Gotham Cancels Plans To Film White Stuntwoman In Blackface
Head, meet desk.
Oh, Gotham. No. No no no no.
After receiving concerned inquiries, Deadline reports that Warner Bros. has cancelled plans to film a white stuntwoman wearing dark face makeup for Gotham. The production had already applied makeup to the performer’s face for a test in advance of next week’s filming, but has since released a statement saying the role will be changed:
A mistake was made this week in casting a stunt woman for a guest star in a particular scene on the show […] The situation has been rectified, and we regret the error.
According to Deadline, “painting down” white stunt performers so they can pass for actors of color has been a custom in the entertainment industry for decades. SAG-AFTRA condemns the practice as “unacceptable” and “improper” but doesn’t explicitly forbid “painting down”; casting coordinators must simply “endeavor” to find stunt performers of the same race or gender as the actor in question.
Adam Moore, SAG-AFTRA’s National Director of EEO Diversity, told Deadline that “there is simply no excuse” for Gotham‘s actions:
With respect to this issue in general, the relevant SAG-AFTRA contract is clear: The practice known as ‘painting down’ is presumptively improper … particularly so in a production center like New York City with so many qualified stunt women of color trained for this type of work […] While this sort of thing doesn’t happen very often anymore, still, in 2014 there are apparently people who don’t seem to understand that there are qualified professionals ready to do this work and that, if you are foolish enough to engage in this offensive behavior, you will be called out for it. Performers and audiences alike won’t stand for it – they’ll speak out in ways like this and stand up by spurning the content itself in favor of on-screen experiences that are reflective of our collective stories and values.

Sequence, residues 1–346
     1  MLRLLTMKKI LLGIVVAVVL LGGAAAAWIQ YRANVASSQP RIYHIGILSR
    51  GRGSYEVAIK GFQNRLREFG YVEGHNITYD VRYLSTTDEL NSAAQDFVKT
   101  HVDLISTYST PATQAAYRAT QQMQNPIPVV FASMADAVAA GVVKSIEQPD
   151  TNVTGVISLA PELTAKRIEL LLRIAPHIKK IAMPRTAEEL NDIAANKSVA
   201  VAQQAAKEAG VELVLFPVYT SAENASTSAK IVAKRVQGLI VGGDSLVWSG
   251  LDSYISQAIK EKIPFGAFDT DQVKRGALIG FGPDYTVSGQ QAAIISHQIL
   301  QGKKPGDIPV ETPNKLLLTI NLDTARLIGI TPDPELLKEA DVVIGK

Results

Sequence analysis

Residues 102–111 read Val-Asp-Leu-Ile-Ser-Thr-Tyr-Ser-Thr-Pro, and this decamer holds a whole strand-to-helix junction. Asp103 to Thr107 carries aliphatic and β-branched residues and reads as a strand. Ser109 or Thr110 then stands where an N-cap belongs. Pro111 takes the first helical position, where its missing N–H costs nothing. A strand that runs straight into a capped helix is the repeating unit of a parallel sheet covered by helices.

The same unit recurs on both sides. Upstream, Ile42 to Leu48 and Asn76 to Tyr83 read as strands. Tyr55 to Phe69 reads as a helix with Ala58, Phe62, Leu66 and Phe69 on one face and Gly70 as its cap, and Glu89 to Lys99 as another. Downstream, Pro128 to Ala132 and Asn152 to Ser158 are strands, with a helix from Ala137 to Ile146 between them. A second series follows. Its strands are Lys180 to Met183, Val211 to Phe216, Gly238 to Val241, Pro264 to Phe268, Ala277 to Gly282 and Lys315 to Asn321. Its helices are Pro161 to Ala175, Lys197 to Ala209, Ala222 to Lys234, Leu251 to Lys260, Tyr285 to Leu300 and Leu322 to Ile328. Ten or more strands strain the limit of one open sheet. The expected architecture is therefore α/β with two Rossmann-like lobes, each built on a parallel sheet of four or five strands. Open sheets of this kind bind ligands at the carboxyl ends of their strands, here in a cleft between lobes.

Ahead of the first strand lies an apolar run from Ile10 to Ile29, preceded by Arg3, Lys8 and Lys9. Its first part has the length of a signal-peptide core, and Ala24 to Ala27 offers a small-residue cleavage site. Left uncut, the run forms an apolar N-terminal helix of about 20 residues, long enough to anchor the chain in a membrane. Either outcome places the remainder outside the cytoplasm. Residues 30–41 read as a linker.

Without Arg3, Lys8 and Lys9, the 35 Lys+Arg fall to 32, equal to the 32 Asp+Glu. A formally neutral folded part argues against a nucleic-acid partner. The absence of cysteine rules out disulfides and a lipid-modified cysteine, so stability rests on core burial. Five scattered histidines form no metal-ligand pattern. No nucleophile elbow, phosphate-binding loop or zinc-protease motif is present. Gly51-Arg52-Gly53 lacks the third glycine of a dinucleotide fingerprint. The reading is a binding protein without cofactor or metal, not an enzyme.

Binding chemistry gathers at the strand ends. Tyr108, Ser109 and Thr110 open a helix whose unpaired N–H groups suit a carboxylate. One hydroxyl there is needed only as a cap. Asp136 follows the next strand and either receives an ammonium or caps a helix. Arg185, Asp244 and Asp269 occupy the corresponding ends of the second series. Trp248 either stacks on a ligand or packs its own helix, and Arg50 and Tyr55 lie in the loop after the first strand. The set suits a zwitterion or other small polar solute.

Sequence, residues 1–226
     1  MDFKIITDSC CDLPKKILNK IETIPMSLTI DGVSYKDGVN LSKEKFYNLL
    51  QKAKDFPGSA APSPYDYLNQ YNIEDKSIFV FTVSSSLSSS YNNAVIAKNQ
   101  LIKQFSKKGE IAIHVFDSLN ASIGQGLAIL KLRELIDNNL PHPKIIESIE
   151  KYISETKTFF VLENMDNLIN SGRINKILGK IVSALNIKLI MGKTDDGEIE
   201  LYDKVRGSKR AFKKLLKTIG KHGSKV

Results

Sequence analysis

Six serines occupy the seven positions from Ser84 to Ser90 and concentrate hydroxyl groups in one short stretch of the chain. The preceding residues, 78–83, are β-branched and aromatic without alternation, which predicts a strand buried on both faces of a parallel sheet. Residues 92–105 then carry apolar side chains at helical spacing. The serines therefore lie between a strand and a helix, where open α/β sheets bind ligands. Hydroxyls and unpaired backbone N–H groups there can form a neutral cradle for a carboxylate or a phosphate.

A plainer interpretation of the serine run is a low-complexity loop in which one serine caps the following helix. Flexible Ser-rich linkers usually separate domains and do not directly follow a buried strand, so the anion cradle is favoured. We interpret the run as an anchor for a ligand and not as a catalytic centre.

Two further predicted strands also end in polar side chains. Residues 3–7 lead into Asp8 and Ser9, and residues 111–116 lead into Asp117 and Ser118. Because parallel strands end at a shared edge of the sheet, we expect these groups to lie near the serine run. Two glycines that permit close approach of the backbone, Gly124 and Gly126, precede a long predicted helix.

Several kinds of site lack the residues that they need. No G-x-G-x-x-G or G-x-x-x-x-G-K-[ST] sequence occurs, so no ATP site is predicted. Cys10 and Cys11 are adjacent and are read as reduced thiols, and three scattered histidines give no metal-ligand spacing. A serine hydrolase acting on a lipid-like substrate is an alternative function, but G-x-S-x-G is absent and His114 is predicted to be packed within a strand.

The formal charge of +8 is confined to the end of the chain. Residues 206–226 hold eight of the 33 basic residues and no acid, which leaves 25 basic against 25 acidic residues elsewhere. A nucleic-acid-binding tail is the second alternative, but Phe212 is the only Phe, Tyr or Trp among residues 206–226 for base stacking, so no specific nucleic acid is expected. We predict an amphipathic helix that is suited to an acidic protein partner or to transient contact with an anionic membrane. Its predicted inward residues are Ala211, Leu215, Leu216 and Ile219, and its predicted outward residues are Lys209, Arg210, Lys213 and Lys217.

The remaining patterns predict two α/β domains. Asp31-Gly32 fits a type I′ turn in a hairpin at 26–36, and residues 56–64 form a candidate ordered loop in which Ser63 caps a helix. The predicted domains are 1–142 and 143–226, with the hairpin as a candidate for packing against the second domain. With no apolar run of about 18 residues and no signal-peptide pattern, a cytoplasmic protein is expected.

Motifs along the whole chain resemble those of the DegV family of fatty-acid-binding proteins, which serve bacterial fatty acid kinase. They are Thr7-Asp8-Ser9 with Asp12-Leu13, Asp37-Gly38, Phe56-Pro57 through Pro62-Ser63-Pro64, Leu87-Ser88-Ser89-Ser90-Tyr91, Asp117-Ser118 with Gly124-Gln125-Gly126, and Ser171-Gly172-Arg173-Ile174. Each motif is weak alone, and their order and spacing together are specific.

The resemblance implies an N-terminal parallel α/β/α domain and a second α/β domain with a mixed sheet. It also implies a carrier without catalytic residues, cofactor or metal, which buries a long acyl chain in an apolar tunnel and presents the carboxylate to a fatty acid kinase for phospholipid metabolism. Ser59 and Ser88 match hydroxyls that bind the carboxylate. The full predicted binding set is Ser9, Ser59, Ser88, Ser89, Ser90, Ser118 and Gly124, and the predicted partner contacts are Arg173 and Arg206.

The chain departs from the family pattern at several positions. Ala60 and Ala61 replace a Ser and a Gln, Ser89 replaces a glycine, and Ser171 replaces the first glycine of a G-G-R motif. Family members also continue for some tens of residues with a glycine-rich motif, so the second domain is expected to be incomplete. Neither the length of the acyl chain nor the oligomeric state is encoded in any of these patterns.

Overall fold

Despite Moore’s assertion that the practice is “presumptively improper,” in the light of Gotham‘s casting it seems like stronger wording in the union contract might dissuade insensitive casting coordinators and productions from being so blatantly disrespectful. (Not that, you know, anyone should need to be told not to film an actor in blackface. Or, you know, cast a white actor as a POC.)
Warner Bros. in particular has a history of being condemned for “painting down” performers; in 1971 the dark makeup used on a white stuntman in Skin Game spurned protests and a push for equality in front of and behind the camera. Sadly, Gotham‘s bone-headedly stupid decision to continue the practice is a reminder of how much progress still needs to be made. Retired black stuntwoman Jadie David told Deadline,
Fast-forward to today, and we are again faced with a Caucasian stuntwoman who was going to be painted down to double for an African-American actress, ironically again, in a Warner Bros. production. The excuse of the past that there are no qualified African-Americans to hire is gone; there is a huge pool of qualified African-American women to choose from and many were available for work. The studios all have fair employment policies in place, as does SAG-AFTRA. This blatant disrespect of African-American stunt women is beyond the pale. Will the lesson ever be learned?